When I think we almost missed Sapa. With the time we had left and with
the bike we had to sell I really thought we might have to pass on Sapa and the area. Thankfully the bike sold much quicker than we thought and we were on our way to Sapa on an horrible sleeper bus, bike-free.
If we had to go again I would probably take more time for Sapa and the area and do it by ourself. But on this occasion, short on time, not knowing how easy it would be once there, we booked a tour that included Bac Ha market on our arrival Sunday and a 2 day trek from Sapa to Lao Chai and further.
What you discover once in Lao Cai province (where Sapa is located) is that this region is just different from almost every place you visit in Vietnam. Robb told me that it reminded him of Nepal somehow.
The area is colourful and full of rice terraces. The climate is cold but so far in the mountains the view is always gorgeous. Lao Cai is also surrounded by the minorities of the area: Hmong, Dao, Giáy and Tay.
The one you encounter the most though are the Hmong minority, you will also meet quite a lot of Red Dao in Sapa.
What the Lao Cai province is famous for is mainly the markets and treks widely available. From a 2 days walk in the province to climbing the mount Fansipan, everything is possible for everybody. On the market side you have one almost everyday. Don’t expect to be able to buy much from them, as they are mainly orientated to locals and have food and livestock available. The most famous markets of the area are the Bac Ha market and Coc Ly market.
For a list of the markets you can find in the area:
Sunday – Bac Ha Market
Monday – Phong Hai Market
Tuesday – Coc Ly Market
Wednesday – Cao Son Market
Thursday – Lung Khau Nhin Market
We had the chance to discover the Bac Ha market on Sunday. Beautiful place full of life. If you are here to take pictures of people be aware they are here to work mainly so don’t go pushing your camera in their face and opt for a zoom lens, they will let you know quickly if they don’t mind you taking their picture and you won’t bother them doing their job.
As we arrived with the overnight sleeper bus, but had to wait in Lao Cai for 3 hours before the tour bus arrived to take us to the market, we were left with only two hours to explore this big market. I wouldn’t recommend the organised tours, once we’d arrived in Lao Cai we discovered there were regular bus services running from the bus and train station directly to Bac Ha, which would have been cheaper and would have got us to our destination almost three hours earlier. Ask at the bus station, the local busses leave on the hour and will take around 2 hours to get there. Bac Ha is the largest and most accessible of the weekly markets, but because of this you can expect to see more tourists and more souvenir stalls than you might at one of the others. If you just want to buy souvenirs, Sapa has got most of them so don’t worry about it and just look around you, discover the price of a buffalo (20 – 30 million dong, for an adult) , check out the chicken for sale or the donkey and let yourself be hit by the cuteness of the puppies for sale.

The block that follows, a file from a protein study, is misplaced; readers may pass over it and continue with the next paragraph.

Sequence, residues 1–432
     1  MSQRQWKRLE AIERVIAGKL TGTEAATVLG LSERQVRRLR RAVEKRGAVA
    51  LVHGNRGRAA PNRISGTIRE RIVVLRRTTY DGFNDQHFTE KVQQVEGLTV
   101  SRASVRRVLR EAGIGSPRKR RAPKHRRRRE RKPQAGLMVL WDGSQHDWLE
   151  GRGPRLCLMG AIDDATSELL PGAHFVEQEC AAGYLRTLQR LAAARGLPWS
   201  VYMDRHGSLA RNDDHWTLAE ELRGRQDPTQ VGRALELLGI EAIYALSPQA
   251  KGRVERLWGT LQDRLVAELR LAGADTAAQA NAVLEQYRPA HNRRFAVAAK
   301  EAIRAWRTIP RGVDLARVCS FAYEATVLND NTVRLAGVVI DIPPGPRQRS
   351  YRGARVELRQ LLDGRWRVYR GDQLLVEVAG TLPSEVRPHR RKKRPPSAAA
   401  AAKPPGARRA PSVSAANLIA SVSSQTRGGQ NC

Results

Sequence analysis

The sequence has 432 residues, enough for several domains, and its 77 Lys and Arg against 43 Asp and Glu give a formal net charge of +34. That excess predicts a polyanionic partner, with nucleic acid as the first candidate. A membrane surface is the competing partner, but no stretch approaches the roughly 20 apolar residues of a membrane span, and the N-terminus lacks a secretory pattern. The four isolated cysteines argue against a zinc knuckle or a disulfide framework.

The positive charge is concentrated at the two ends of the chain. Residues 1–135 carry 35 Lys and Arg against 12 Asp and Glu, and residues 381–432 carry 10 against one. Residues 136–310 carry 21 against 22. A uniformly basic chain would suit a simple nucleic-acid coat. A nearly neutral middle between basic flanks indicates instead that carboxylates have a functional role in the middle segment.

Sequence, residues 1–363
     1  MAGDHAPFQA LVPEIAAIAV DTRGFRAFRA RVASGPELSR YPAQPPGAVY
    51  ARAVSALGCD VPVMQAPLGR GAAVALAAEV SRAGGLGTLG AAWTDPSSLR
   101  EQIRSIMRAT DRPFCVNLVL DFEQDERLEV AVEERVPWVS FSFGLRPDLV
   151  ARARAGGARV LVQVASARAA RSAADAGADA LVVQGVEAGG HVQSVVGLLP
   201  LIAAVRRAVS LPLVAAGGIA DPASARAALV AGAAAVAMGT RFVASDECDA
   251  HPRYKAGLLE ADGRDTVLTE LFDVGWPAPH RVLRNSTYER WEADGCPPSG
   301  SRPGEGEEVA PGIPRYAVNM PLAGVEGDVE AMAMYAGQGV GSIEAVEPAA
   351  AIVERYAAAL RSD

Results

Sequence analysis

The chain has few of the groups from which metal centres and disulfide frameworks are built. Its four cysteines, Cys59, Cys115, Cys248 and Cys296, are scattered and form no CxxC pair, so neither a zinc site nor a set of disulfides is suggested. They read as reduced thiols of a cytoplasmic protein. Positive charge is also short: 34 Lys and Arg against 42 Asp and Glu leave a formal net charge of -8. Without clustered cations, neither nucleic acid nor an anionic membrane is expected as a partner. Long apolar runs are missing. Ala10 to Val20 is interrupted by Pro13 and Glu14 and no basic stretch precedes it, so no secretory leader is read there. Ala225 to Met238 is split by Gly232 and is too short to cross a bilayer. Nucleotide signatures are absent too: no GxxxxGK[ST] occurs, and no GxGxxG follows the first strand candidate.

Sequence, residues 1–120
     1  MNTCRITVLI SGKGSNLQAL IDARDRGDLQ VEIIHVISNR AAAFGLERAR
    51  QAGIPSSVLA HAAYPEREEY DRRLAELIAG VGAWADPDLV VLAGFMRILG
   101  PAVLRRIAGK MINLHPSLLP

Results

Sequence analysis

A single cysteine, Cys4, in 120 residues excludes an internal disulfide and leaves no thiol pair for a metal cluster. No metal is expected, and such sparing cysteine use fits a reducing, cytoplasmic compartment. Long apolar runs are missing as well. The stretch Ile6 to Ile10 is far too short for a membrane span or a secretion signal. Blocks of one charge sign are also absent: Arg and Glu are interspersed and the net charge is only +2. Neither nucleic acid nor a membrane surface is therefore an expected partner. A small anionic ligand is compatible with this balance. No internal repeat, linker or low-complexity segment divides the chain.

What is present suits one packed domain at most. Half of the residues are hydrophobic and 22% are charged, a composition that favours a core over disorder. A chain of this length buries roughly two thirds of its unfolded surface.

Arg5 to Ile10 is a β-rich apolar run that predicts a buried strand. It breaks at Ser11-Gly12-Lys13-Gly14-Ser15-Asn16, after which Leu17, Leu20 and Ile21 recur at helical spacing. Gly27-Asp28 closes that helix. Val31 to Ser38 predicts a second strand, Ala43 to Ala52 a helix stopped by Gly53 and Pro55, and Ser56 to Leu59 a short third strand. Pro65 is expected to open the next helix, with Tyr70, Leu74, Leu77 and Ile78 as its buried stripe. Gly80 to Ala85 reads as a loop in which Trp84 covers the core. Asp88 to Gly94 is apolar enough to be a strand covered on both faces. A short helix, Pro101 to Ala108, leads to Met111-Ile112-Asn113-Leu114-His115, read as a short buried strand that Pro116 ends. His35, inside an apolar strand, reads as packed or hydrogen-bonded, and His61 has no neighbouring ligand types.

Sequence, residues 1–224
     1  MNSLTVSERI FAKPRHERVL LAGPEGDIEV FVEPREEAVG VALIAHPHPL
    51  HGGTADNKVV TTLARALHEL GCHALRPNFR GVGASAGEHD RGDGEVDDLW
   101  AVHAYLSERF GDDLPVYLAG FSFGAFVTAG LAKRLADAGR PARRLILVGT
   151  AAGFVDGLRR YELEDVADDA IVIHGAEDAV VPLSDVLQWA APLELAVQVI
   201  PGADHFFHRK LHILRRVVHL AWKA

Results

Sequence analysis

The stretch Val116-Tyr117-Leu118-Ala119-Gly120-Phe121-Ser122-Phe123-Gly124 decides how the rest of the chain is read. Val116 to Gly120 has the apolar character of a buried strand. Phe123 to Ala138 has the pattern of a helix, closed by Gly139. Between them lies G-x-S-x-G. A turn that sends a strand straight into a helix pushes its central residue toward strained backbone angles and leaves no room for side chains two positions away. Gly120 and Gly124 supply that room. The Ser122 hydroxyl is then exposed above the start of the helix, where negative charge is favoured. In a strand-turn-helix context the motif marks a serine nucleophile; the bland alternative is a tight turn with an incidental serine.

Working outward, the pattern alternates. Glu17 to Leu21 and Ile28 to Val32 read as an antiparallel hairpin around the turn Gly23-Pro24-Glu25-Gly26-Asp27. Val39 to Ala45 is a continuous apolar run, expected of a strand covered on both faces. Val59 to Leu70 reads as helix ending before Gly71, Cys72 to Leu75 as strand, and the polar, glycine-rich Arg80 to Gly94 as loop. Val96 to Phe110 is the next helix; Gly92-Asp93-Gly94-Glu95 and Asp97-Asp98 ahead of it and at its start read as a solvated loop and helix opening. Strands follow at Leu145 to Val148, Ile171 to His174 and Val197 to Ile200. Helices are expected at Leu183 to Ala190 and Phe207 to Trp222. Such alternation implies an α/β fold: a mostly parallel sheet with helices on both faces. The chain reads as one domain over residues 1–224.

The other big hit around Sapa are the treks. All type of difficulties, all type of trekking but remember if, like us, you come around in December, January time: it gets very cold so get some warm gear with you! For those treks you will most often get a guide from one of the minorities (usually a Hmong guide). If you are looking for a guide you can try to contact companies like Sapa’O’Chau or Sapa Sisters that are the most famous and renown companies in the area. A 2 days trip will usually bring you to a homestay in Lao Chai. If you worry about comfort and hygiene, don’t, they follow strict regulations and the only problem you might have is the lack of privacy, but you don’t go in a homestay for that I suppose. If you are not bothered by the all trekking, motorcycles can be rented around town for as little as 3 USD per day.
Sapa itself is a town that kept reminding me of some in the French Alps. And there is a reason for this: the town use to be own by the French which gave it the all spirit. So dear French friends, French food addicts, you will be pleased: Tartiflette is a usual meal in Sapa! Yes, you heard me: Tartiflette! (for those of you that don’t know this meal it is composed of mash potatoes that have been cooked in red wine, onions, ham and smothered with cheese on top… Yep, it is good!). And if you are not a fan of French food well you will get some Hot wine just to warm you up and some nice hot chocolate.
But enough about the food. Sapa has got more: between the crafts from the minority and the numerous spas that offer Red Dzao Medicine Herbs bath, you won’t be bored at night! The hotel choices are pretty good. We opted for the Cat Cat Twilight with a fire place (much needed by that weather) and an electric blanket plus terrace for 20$ a night and we were not dissapointed. As soon as the grey sky gets off the view is gorgeous. And a fire place… You can’t make that less romantic for a mountain town hotel room!
What else can you do in the area? You can rent a motorcycle and tour
around the mountains, rice paddies and villages (bear in mind that some of the minority villages charge an entrance fee of around $1 per person for tourists wanting to nosey around). As it is almost everywhere in Vietnam, getting around on a motorbike is the easiest, cheapest and most enjoyable way to see many things, without being tied to the schedule of an organised tour.
Also if you are in the area and have time donation are welcomed by many places that connect to school and villages. Minority villages are usually quite poor so warm clothes, gloves, scarfs are welcome for the winter month. You will be able to find more information about it while in Sapa.